BY RICHARD FEINBERG
Sixty years ago the United States cemented its global influence and leadership by contributing billions of dollars to the reconstruction of war-torn Europe — in today’s dollars, around $120 billion. Anyone who tries to downplay Venezuelan President Hugo Chávez’s aspirations should take note of the fact that he has pledged over $110 billion in grants, loans and investments to governments in the developing world — an economic commitment, in other words, of the magnitude of the Marshall Plan. In Latin America, Chávez’s largesse dwarfs the combined activity levels of today’s major multilateral development institutions, the World Bank and the Inter-American Development Bank.
Chávez claims that the promised deals come without the sort of invasive conditions that burden the programs of the Inter-American Development Bank, World Bank and International Monetary Fund. The oil mogul says he is driven by philanthropic motives, in the altruistic pursuit of South-South solidarity and Bolivarian regional cooperation.
But, in fact, the recipients of Chávez’s beneficence -- Bolivia, Nicaragua, Ecuador and Argentina chief among them -- are strongly encouraged to mimic the very same policies that Chávez is pursuing at home. Some Venezuelan aid supports programs directly patterned after Chávez’s own pet domestic projects, such as chains of government stores stocked with cut-priced goods, health clinics and sports clubs manned by Cuban personnel, or farmers’ cooperatives supported by government subsidies.
Some Chavista pressures are imbedded in the projects themselves, as when Venezuela’s national oil company, PDVSA, “partners” with the recipient’s national energy companies, to the exclusion of the private petroleum corporations. Or when Chávez’s budget support allows for generous social spending.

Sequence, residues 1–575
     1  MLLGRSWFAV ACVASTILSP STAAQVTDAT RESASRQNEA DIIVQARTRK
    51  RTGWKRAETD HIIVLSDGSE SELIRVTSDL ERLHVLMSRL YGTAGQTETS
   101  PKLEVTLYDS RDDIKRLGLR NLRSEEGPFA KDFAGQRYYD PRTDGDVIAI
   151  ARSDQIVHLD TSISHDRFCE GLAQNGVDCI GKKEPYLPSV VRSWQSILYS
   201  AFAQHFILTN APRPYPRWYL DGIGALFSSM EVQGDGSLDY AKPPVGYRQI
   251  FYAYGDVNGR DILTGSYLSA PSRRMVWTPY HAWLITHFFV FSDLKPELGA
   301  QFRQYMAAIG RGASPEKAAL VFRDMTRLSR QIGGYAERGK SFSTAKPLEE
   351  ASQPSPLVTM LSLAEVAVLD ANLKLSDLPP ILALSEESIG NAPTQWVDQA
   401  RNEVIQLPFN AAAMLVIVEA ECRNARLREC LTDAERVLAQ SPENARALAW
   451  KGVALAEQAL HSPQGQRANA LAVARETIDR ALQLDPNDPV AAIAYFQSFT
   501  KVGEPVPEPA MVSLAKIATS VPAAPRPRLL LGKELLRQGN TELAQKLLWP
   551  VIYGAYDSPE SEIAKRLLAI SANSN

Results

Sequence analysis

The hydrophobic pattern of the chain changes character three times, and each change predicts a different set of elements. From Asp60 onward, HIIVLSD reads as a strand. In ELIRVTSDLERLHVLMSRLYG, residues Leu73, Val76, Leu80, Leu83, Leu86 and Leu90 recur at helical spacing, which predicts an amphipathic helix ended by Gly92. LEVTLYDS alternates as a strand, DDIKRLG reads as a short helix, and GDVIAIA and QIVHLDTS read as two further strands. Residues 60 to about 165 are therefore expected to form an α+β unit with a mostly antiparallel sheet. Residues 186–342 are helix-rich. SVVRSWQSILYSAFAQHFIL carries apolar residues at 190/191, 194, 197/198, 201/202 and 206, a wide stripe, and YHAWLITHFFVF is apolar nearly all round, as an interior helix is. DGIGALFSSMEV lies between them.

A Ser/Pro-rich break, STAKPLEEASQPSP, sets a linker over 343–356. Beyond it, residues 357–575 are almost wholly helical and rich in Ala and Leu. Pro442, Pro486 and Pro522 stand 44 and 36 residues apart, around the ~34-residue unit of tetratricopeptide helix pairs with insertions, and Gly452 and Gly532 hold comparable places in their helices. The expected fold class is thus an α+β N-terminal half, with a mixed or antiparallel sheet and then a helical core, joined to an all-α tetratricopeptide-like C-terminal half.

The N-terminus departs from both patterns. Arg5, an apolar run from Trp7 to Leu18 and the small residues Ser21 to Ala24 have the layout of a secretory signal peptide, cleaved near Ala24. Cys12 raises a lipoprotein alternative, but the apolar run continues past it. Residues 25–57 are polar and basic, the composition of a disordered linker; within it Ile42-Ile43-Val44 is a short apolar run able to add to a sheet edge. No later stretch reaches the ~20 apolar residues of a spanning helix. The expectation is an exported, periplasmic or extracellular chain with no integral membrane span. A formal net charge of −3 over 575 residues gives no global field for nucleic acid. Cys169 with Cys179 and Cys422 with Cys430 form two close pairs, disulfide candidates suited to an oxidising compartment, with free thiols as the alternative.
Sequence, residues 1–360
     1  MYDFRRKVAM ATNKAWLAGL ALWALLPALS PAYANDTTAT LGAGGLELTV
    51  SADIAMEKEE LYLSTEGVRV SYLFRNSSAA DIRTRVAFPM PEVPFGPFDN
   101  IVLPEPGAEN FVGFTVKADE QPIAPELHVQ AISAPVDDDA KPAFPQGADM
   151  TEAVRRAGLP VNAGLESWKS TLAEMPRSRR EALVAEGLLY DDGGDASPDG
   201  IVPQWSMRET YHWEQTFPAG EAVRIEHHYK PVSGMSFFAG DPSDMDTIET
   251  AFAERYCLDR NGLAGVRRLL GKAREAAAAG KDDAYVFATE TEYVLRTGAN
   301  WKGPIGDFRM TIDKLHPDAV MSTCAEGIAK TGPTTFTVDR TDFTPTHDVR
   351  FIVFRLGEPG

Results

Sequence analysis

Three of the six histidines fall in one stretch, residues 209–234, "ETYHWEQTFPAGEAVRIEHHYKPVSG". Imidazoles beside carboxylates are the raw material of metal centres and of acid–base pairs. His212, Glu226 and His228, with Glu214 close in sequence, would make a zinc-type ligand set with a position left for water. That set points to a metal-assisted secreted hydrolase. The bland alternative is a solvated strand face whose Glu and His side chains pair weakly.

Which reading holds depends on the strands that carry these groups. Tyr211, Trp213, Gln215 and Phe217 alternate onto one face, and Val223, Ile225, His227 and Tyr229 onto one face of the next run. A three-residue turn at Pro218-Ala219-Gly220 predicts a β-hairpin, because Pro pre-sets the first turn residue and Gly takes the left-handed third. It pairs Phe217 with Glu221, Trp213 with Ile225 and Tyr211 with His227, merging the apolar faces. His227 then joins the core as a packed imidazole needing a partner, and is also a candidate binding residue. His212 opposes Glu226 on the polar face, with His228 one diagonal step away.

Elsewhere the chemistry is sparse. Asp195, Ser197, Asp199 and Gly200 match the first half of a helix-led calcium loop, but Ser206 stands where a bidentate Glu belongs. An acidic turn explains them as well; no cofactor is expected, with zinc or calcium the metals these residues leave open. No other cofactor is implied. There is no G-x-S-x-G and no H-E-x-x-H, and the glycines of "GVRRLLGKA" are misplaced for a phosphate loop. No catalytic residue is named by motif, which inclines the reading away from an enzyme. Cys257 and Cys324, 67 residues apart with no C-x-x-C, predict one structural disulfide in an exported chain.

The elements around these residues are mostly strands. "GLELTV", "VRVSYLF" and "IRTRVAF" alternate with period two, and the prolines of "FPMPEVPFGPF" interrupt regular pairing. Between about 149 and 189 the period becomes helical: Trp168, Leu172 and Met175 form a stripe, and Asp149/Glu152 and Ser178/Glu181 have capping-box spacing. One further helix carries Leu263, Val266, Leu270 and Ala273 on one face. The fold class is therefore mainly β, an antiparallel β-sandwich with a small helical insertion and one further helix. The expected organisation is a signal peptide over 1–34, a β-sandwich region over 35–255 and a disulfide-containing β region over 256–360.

When visiting his recipients, Chávez derides market economics and extols his “21st Century Socialism.” He expropriates his hosts’ own bully pulpits to press them to more aggressively confront their “enemies” among the local business, media and political elites, and in the courts and legislatures, and to strengthen their presidencies and controls over their local economies.
Let’s call all this “Chávez Conditionality.”
You might say, “Big surprise - there’s no free lunch.” Okay, then, let’s compare the conditions generally set by the International Monetary Fund and World Bank (the Bretton Woods twins), and the conditionality of Chávez. Which set of conditions is better for promoting local prosperity and good governance?
Bretton Woods’ conditionality obsesses about fiscal responsibility. Governments must not borrow beyond their future capacity to repay, and they should target low inflation through austere monetary policies. Chávez Conditionality, in contrast, allows borrowers to subsidize current consumption - bolstering incumbents’ popularity and re-election campaigns – without worrying about the pesky problem of debt build-up. Some of Chávez’s credits are purposefully kept “off-budget,” so that they do not appear in official debt statistics.